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Underemployment Equilibrium What it is How it Works

Underemployment Equilibrium What it is How it Works

Underemployment Equilibrium: What it is, How it Works

What Is Underemployment Equilibrium?

Underemployment equilibrium, also known as below full employment equilibrium, is a condition where employment in an economy persists below full employment. The economy reaches an equilibrium state that sustains a rate of unemployment above what is considered desirable. In this state, the unemployment rate remains consistently above the natural rate of unemployment or non-accelerating inflation rate of unemployment (NAIRU) because aggregate supply and demand are in balance at a point below full potential output. An economy that settles into an underemployment equilibrium is explained by Keynesian theory as a persistent depression.

"Underemployment" refers to total employment being below the level of full employment. It refers to workers who are employed but working fewer hours or in jobs that require lower skills and often come with lower pay compared to their education level and experience. Underemployment may be included in the general unemployment rate but is otherwise unrelated to the concept of underemployment equilibrium.

Key Takeaways

  • Underemployment equilibrium describes a state in an economy where unemployment is persistently higher than usual.
  • In this state, the economy has reached a point of macroeconomic equilibrium below full potential output, resulting in sustained unemployment.
  • Underemployment equilibrium is a classic part of Keynesian theory in explaining how recession can lead to persistent depression in an economy.
  • Underemployment, by itself, refers to one possible component of unemployment but is unrelated to the idea of underemployment equilibrium.
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Understanding Underemployment Equilibrium

An economy in long-run equilibrium is said to be experiencing full employment. When an economy is below full employment, it is not producing what it would in full employment. This state of underemployment means there is a gap between actual and potential output in the economy.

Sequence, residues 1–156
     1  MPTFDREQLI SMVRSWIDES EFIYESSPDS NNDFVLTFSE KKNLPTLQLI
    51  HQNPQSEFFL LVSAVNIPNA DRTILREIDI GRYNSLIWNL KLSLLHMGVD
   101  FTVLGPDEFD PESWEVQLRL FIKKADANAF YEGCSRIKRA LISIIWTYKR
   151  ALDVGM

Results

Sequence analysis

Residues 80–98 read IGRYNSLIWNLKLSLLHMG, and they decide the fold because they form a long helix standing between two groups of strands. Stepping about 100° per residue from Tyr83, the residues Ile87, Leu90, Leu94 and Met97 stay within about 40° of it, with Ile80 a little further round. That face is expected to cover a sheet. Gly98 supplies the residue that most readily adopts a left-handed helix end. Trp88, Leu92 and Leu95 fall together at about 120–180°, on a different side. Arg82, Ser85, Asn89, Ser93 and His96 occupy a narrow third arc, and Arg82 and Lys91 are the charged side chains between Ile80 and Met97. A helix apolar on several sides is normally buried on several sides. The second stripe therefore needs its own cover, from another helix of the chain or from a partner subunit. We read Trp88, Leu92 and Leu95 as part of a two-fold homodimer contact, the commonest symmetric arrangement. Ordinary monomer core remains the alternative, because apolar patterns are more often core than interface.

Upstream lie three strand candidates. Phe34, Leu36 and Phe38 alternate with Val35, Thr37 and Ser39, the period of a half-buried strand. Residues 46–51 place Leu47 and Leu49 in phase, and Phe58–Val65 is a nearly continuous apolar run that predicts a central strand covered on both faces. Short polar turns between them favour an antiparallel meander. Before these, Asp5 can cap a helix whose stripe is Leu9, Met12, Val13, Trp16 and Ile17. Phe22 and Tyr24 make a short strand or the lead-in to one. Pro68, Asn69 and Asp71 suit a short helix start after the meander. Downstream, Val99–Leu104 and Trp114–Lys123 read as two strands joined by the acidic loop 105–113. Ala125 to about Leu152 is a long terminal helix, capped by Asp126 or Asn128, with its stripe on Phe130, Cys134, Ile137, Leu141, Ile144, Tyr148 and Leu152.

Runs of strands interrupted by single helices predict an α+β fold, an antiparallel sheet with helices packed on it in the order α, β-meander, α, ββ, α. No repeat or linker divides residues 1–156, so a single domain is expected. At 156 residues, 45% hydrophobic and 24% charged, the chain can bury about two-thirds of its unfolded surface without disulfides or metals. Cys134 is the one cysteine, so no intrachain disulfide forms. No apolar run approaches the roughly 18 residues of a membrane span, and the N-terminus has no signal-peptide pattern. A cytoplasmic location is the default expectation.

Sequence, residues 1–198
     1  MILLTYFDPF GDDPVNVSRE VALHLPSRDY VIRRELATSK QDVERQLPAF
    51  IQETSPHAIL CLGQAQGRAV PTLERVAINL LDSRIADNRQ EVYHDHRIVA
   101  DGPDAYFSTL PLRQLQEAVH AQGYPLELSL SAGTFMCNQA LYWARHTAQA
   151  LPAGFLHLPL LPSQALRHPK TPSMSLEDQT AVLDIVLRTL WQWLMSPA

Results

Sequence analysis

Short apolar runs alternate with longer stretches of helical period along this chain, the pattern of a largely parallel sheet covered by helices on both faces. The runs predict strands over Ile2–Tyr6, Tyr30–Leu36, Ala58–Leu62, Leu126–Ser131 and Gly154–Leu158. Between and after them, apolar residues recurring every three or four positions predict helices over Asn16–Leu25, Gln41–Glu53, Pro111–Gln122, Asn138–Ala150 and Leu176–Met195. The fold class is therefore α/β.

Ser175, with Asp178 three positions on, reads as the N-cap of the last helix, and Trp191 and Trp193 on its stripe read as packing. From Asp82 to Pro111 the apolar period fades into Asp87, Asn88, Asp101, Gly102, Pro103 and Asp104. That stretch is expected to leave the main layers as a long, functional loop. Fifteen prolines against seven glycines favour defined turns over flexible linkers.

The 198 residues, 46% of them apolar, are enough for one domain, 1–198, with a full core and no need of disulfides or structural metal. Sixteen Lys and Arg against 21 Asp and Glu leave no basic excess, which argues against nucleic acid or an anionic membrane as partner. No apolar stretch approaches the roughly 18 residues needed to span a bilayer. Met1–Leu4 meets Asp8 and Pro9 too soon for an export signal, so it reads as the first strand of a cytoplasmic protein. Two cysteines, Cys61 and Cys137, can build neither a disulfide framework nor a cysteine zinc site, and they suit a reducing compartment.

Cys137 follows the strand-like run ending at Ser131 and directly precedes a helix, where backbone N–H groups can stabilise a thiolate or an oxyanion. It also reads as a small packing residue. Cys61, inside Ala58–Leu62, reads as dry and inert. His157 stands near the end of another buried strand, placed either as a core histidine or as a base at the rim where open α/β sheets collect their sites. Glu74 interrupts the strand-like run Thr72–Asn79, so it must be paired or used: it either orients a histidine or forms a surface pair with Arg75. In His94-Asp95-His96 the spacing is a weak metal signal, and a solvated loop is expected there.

In Keynesian macroeconomic theory, when an economy falls into a recession, it can become stuck in a situation where it finds a new balance between aggregate supply and demand with a lower total volume of output. Uncertainty and fear can induce businesses and investors to reduce investment, leading to a reduction in aggregate demand and supply, resulting in elevated unemployment. The economy settles into a new equilibrium at a lower level of output and employment.

This theory contrasts with Walrasian general equilibrium, which suggests that the economy will adjust toward equilibrium at full employment once the recession and its associated shocks have passed. Keynesian economics advocates for deficit spending and monetary policy to stimulate the economy as a solution to underemployment equilibrium.

Underemployment vs Underemployment Equilibrium

"Underemployment" refers to a type of labor under-utilization where a worker is employed but not working at their full potential or as much as they would like. Underemployed workers may work part-time when they want full-time employment or work in low-skilled, low-productivity jobs despite having more advanced skills.

Broad measures of unemployment reported by government statistical agencies may account for underemployment as well. Underemployment may result from an oversupply of higher education relative to job opportunities or a mismatch of skills and education to available jobs. However, underemployment is not related to the concept of underemployment equilibrium, and the two terms should not be confused with each other.

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